Tuesday, 20 July 2021 - 8:20am

A mother's message: 'Listen to your children'

4 min read

News article photos (4 items)

Rachel (right), with her mum Marie at the site of the crash where her son Tyson died.
Flowers next to an order of service with Tyson's photo on the cover.
The car after the crash
Tributes to Tyson at the crash site

Rachel O’Neill has the name of her eldest son Tyson tattooed on each wrist.

Written below his name on her left wrist is the date and time of his birth.

Tattooed under his name on her right wrist is…15 November 2020, 5.47am…the date and time the 16-year-old was killed when the car he was driving crashed into a tree on Cobham Drive in Kilbirnie, Wellington.   

The tattoos on Rachel's forearms showing the times and dates of her son Tyson's birth and death.

The O’Neills' trauma is something Wellington Police don’t want for any other young people or their families.

“Young people stealing cars and joy-riding is not new, but we are clearly seeing an upward trend of this behaviour in Wellington currently, with Wellington City and Porirua being hit hardest,” says Wellington Area Prevention Manager Acting Inspector Warwick McKee.

In response to this, Wellington Area Police has joined with their Kapiti-Mana Area colleagues to initiate Operation Focus – a literal focus on the theft of cars by young people.

“We know there are several reasons these young people take these cars, but ultimately, they see it as a challenge often sharing their exploits on different social media platforms,” says Warwick.

A photo of Tyson and a photo of the tree where he crashed that has been turned into a memorial.
The tree at the crash site is covered with tributes to Tyson, from family and friends. “For me the tree is like his grave," says Rachel. 

Wellington District Police continue to use several prevention methods to tackle this offending.

“We have identified a number of young people we believe are taking these cars and they are getting a lot of attention from us,” he says.

“But Tyson and Rachel’s story is the most powerful message of all. We don’t want to see another family have to experience this type of loss.”

Eight months on, Rachel and her children, 11-year-old Amber and 8-year-old Austin, struggle through each day. They relish any opportunity to share their favourite stories about Tyson who they describe as clever, funny, smart, caring and the best big brother ever.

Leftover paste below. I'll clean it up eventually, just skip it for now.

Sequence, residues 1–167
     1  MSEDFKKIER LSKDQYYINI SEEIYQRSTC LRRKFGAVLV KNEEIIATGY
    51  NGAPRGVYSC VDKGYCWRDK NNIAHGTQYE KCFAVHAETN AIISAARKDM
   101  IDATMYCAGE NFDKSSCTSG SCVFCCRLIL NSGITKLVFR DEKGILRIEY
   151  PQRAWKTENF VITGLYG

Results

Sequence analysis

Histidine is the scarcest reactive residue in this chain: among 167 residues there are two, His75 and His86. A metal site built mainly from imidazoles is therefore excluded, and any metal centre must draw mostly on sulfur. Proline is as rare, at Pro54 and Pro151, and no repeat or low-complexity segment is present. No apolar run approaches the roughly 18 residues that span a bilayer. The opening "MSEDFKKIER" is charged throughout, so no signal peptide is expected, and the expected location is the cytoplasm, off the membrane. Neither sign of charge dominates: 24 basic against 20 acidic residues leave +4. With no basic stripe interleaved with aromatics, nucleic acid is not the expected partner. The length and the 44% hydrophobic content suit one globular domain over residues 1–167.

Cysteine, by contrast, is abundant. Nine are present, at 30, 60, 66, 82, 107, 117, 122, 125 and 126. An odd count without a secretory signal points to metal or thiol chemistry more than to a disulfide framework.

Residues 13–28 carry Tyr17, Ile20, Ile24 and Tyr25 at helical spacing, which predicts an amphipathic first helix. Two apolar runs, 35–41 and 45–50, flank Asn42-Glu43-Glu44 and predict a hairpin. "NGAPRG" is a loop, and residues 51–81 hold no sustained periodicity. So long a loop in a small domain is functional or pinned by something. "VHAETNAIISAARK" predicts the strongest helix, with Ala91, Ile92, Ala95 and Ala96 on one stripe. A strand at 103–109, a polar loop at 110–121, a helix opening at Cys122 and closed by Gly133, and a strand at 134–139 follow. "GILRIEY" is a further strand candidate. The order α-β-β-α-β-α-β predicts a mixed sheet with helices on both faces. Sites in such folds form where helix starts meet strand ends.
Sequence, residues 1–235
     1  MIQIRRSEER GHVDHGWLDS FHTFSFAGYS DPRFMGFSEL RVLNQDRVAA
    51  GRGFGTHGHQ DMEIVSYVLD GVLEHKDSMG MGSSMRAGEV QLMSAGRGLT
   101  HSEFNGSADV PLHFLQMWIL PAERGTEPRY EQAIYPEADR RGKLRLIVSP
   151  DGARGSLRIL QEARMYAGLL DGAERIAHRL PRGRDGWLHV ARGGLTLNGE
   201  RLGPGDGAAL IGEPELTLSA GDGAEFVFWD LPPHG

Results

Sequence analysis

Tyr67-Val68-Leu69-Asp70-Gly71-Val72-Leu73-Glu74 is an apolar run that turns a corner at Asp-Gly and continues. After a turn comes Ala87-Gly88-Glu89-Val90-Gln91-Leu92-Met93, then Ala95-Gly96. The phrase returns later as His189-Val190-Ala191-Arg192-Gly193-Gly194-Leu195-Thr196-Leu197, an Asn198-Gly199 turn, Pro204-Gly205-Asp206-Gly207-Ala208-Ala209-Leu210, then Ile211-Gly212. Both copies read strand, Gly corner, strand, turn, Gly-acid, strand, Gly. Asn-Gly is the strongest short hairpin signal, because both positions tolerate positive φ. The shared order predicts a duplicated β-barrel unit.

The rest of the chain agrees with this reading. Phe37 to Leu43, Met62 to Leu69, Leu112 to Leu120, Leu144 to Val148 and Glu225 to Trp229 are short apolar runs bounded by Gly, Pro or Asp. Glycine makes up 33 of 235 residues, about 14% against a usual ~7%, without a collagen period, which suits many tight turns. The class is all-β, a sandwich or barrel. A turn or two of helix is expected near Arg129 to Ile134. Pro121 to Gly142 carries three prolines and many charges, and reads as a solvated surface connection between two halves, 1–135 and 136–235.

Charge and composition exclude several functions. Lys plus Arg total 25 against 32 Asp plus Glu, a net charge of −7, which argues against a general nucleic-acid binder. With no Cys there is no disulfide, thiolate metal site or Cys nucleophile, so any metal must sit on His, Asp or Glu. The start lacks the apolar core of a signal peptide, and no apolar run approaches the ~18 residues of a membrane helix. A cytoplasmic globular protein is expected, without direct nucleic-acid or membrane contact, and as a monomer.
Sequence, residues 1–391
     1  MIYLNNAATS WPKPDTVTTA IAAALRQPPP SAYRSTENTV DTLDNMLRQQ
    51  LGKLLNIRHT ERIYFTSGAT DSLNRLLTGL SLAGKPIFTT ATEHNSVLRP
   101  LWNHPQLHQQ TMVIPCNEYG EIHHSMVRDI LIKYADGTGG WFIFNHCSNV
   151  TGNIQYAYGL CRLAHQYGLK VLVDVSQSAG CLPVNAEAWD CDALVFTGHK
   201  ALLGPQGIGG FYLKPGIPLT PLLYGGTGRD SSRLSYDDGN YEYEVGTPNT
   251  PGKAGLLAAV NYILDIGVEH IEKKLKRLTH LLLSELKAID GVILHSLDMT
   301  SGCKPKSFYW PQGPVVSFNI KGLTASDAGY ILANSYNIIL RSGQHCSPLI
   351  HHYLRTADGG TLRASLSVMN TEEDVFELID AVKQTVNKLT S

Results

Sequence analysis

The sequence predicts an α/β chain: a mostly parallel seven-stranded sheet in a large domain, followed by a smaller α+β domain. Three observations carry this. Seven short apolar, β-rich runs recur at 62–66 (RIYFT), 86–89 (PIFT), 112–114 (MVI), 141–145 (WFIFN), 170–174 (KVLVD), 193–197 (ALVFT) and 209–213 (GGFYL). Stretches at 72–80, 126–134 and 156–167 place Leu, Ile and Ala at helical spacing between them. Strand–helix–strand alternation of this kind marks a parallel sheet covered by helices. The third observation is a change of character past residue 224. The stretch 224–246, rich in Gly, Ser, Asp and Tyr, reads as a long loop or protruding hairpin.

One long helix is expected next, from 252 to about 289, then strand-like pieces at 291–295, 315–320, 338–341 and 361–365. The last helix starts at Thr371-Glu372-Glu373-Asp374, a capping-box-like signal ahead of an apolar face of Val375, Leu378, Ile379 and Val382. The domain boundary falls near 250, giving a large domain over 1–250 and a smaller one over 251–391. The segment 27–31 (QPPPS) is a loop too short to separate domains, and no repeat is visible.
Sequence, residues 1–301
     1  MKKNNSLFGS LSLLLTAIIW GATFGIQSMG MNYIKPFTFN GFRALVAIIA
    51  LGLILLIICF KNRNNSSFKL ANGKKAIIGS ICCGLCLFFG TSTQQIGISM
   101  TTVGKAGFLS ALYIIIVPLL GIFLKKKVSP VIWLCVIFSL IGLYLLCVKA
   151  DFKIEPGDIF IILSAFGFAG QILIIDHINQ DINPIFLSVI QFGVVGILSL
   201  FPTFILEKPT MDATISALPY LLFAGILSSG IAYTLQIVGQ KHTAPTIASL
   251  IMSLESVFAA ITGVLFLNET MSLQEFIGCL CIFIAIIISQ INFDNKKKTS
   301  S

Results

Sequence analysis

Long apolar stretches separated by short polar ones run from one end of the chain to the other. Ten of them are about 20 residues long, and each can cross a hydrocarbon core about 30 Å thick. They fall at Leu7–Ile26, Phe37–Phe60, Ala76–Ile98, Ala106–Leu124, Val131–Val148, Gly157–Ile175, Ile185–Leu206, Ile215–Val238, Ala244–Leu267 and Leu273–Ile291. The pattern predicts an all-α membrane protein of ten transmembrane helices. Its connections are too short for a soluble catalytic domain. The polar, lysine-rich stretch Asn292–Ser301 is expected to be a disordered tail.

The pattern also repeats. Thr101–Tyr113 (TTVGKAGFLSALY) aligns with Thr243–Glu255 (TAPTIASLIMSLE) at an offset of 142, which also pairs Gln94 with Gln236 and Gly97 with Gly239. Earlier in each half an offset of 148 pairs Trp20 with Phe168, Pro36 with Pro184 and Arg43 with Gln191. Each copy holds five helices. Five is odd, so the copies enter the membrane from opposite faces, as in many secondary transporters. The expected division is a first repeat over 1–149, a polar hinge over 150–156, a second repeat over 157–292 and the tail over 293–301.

But Rachel admits in the two years before his death, Tyson was pushing the boundaries to the limit. Night-time door knocks from Police returning Tyson to her were common.   

Tyson's mum, Rachel, tying something on to the tree where her son died.

Tyson's mum Rachel visited the crash site on the day it happened and has gone back every week since.

On the weekend Tyson died, he’d been in touch with his mum on the Saturday by phone. She expected he’d turn back up at home over the weekend.

“When I heard the knock at the door early on Sunday morning, I just thought it was him wanting to be let in,” says Rachel.

Instead it was the Police and there was no sign of Tyson.

“I couldn’t believe what they were there to tell me. Never in a million years did I think the next time I would see him would be in the morgue.”

Tributes to Tyson

Rachel is aware there is a Coroner’s hearing to come which will give her a clearer understanding of the timeline of what happened and why.

“But what I know for now is that he had stolen a car from a house in Maupuia sometime overnight and at the time of the crash was heading to Johnsonville to pick up a friend.”

Rachel doesn’t drive and doesn’t own a car. Tyson had been offered driving lessons but had never been interested.

“No one in the family had taught him to drive and I’d never seen him drive so I didn’t really comprehend he could. He would tell me things about being in cars. I told him to stop being stupid. I now know he was speaking the truth.

"This is a lesson I want other parents to learn. Listen and really hear what they are telling you.” 

Rachel made her first visit to the crash site on the day it happened. She has gone back to the tree every week since.

“For me the tree is like his grave. It was the last place he took a breath. I still go back over the grass marks to try to gauge what happened and how it went so wrong.”

The next time Tyson came home was the night before his funeral.

“I got his girlfriend to text all of his friends to come to our house. They carried his casket in from the hearse. I wanted them to really see this could have been them because I know they all do it. I wanted it to hit home for them - that that could be you right there.”

Rachel says Tyson’s friends stayed for hours.

“They were just very quiet and respectful. This was the ultimate repercussion of what these kids think is just a few minutes of fun.

"It is not fun when Police knock on your door and tell your mum she is never going to see you again, never going to hear your voice.”

Rachel, with the support of her own mother Marie, is hoping to make a difference by speaking publicly about Tyson’s death and their own grief.

“We all hoped Tyson would have grown out of it and come out the other side, but he never got that chance," she says.

"If our story helps even one family or stops one kid from getting into a car then that will bring us some sense of relief."

“And my message to kids, at the end of the day…if your friends pressure you to get into a car, don’t do it. Your real friends would never do that. Just walk away.”